Warren Buffett's right-hand man Charlie Munger said markets are even crazier now than during the dotcom bubble.
"I wouldn't want any one of them to marry into my family," he said about people who invest in cryptocurrencies.
The Berkshire Hathaway exec said China is right to stamp down on bubbles and take a tough line on digital assets.
Warren Buffett's deputy Charlie Munger has said markets are "even crazier" right now than they were during the dotcom bubble.
Munger blasted cryptocurrencies, and said those who invest in them are just thinking about themselves, according to the Australian Financial Review. He also labeled US millennials as "self-centered."
The 97-year-old has been Buffett's closest confidante for decades and is vice chairman of the sprawling Berkshire Hathaway conglomerate. He has a net worth of $2.2 billion, according to Forbes.
"The dotcom boom was crazier on the valuations even than we have now. But overall, I consider this era even crazier than the dotcom era," he said in a Friday interview at the Sohn Hearts & Minds Investment Conference in Australia.
"You have to pay a great deal for good companies and that reduces your future returns."
The dotcom boom was a period of breakneck growth in technology stocks. Investors poured money into companies with little in the way of revenue or profits, as excitement built up around the potential of the internet.
It ended in a huge stock-market crash in 2000, with the Nasdaq falling as much as 9% in one day, and 25% in a week.
Many investors have compared the current stock market to the dotcom bubble, pointing to companies such as Rivian. The electric-vehicle startup is yet to deliver meaningful revenue, but still went public last month. It is now worth $95 billion, making it the world's sixth-biggest carmaker by market capitalization.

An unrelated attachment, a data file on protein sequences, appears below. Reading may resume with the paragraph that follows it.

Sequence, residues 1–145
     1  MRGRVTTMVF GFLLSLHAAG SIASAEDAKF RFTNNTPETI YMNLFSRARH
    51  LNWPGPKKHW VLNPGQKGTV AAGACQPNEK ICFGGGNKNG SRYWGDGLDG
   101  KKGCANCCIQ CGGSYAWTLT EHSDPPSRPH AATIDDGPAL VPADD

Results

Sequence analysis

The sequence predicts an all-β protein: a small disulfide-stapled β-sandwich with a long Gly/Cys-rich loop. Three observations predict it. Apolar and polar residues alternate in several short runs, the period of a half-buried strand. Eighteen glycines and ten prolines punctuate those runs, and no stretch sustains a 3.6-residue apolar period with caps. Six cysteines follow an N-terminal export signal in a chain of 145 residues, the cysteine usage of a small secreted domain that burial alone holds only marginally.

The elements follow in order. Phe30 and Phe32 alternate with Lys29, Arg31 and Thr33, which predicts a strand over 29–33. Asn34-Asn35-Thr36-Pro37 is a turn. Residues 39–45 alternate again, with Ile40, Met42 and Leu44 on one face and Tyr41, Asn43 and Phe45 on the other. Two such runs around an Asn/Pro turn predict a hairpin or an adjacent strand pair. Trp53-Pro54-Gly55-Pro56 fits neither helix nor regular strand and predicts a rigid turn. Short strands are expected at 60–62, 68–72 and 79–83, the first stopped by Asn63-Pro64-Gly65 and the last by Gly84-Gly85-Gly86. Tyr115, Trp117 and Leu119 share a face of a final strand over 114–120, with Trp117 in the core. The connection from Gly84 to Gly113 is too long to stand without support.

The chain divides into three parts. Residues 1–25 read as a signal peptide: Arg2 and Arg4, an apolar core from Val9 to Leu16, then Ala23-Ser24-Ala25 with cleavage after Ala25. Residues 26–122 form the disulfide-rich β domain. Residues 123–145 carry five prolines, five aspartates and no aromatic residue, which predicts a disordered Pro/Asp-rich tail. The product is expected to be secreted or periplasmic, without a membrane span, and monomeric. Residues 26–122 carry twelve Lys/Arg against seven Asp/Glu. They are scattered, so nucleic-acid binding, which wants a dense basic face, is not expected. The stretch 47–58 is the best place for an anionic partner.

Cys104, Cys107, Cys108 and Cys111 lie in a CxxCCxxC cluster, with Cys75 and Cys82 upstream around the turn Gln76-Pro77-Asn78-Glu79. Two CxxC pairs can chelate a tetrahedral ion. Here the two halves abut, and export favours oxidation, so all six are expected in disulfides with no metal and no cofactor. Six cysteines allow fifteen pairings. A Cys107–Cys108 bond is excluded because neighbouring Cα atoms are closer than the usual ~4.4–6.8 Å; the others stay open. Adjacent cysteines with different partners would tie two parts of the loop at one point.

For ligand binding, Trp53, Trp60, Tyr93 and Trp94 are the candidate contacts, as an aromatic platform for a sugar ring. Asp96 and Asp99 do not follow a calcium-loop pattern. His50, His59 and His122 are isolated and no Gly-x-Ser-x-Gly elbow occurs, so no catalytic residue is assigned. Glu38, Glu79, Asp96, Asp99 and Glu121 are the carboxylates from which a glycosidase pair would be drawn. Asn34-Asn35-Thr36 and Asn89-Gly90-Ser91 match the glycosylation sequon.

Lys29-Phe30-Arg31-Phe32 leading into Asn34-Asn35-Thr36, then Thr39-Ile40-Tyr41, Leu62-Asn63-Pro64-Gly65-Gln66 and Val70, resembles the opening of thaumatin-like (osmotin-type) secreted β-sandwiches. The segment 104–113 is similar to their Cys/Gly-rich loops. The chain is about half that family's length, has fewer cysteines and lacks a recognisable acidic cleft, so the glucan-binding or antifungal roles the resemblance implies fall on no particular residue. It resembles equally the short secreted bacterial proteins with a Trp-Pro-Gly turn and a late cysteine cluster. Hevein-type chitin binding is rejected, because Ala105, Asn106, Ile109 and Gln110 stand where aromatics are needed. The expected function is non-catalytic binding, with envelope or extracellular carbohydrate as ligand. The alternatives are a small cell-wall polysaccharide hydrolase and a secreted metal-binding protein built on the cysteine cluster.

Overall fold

Munger said China, which is cracking down on debt in the economy, was right to "step hard on booms and to not let them go too far."
The Berkshire executive is a long-running critic of cryptocurrencies, and told the conference that he wished digital assets had never been invented. "The Chinese made the correct decision, which is to just simply ban them," he said.
"Believe me, the people who are getting in cryptocurrencies are not thinking about the customer, they're thinking about themselves. Just look at them. I wouldn't want any one of them to marry into my family."
Munger said US millennials are "very peculiar: very self-centered and very leftist."
His comments came a month after Berkshire Hathaway's latest earnings revealed its cash pile hit a new high of $149.2 billion in the third quarter.
Munger said at the conference that sky-high stock prices meant finding good companies to buy was difficult.
"You want companies that have high earnings on capital and have a durable competitive advantage, and if you can add to that they've got a good management instead of a bad one, that's a big plus too," he said, according to the AFR.
"But what you'll find is that the great companies of the world have been discovered. They're very expensive to buy."
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